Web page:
Anyone involved in creating a snuff film is liable for murder. Assume the YouTube beheading video had been filmed in the U.S. and that U.S. law enforcement tracked down those involved in its creation. The person (or persons, I’ve only seen parts of the video) who actually beheaded the man is a murderer, pure and simple. In case anyone does not know, law defines murder as purposely taking the life of another human being. Case closed: The video records what happened, and even a good defense lawyer won’t be able to convince a jury that the perpetrator “accidentally” or “innocently” beheaded the victim, at least not given the descriptions I’ve seen.
What about the others . . . the people who were present, filming and otherwise assisting with the murder and with its being recorded? They, too, are liable for murder, though on a different theory.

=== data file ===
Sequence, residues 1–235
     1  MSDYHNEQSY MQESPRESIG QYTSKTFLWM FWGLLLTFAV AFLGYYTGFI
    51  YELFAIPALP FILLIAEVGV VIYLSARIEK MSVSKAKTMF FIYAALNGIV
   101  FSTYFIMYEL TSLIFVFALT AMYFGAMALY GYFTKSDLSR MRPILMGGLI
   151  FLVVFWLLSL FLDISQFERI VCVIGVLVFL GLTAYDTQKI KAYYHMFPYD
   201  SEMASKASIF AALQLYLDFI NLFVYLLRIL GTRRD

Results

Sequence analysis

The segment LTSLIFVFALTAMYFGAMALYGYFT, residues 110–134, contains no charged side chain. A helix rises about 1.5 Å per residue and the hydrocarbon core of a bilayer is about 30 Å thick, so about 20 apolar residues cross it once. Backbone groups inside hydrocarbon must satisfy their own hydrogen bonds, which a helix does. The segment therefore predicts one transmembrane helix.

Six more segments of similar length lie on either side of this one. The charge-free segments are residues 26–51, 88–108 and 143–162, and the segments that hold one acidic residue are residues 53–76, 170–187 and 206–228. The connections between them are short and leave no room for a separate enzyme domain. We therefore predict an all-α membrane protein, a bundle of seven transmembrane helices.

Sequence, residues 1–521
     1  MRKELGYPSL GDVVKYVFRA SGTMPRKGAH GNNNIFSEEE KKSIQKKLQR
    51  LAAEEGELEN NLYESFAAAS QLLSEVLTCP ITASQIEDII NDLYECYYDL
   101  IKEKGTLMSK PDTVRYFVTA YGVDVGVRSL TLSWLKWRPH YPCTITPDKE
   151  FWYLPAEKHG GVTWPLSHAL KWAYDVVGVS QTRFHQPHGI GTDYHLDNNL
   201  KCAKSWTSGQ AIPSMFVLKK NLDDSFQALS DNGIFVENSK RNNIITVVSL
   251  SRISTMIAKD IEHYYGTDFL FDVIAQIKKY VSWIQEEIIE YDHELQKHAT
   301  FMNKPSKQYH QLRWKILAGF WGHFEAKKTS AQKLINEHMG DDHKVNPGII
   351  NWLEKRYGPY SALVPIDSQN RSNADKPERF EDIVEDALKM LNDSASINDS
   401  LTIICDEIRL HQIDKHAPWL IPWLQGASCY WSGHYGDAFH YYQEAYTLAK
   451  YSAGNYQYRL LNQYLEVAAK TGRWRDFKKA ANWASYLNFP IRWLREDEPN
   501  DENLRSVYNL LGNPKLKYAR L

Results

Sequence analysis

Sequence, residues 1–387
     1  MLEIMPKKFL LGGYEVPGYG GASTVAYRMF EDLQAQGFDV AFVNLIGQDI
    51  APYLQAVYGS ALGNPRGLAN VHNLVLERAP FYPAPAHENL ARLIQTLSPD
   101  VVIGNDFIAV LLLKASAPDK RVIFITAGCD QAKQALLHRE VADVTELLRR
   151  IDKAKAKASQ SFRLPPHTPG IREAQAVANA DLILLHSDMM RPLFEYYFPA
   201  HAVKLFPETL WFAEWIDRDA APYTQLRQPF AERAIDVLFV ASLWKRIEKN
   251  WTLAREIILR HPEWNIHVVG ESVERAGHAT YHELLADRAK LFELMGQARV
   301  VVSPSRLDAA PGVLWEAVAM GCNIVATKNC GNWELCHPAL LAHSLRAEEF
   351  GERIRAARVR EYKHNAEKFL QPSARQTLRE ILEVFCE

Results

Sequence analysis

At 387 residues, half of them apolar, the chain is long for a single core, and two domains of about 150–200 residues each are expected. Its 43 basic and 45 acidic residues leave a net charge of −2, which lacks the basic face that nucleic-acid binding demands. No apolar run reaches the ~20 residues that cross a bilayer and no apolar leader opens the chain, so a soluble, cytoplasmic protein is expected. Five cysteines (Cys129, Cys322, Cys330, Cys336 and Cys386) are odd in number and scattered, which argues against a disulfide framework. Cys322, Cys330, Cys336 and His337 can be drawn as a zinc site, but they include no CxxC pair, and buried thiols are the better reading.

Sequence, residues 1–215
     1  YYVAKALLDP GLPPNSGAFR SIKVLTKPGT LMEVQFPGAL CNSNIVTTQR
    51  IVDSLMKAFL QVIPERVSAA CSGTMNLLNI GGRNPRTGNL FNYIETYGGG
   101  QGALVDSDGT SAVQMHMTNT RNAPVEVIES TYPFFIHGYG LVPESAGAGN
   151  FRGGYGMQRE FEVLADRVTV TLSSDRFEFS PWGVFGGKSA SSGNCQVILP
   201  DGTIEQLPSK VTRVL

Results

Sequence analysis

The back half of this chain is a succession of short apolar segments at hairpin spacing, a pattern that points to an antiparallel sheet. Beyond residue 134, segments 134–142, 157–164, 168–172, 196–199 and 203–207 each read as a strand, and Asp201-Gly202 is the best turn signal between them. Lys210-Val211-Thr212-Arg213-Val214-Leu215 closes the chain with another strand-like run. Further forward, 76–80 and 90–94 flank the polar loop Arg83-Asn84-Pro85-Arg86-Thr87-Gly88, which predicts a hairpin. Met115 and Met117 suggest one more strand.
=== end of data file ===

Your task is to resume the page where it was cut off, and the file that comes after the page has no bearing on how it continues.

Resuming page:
In law, you can be liable for a crime either as a principal (the killer, in this instance) or as an accessory to a crime (murder, here). Accessories are people who either (i) facilitate the crime by, say, tying up the victim or providing materials to be used in committing it; or (ii) encourage the commission of the crime. The person or people who recorded the beheading would be liable for murder, even if this is “all” they did, because the law would find that they encouraged its commission. The level of encouragement that suffices to hold someone liable as an accomplice does not have to be, as we say in law, the but-for cause of the crime; that is, it does not have to be the cause of the crime. Law does not want people playing any role in promoting the commission of crimes, so even a pretty low level of encouragement – such as videotaping the crime with the perpetrator’s knowledge – would qualify.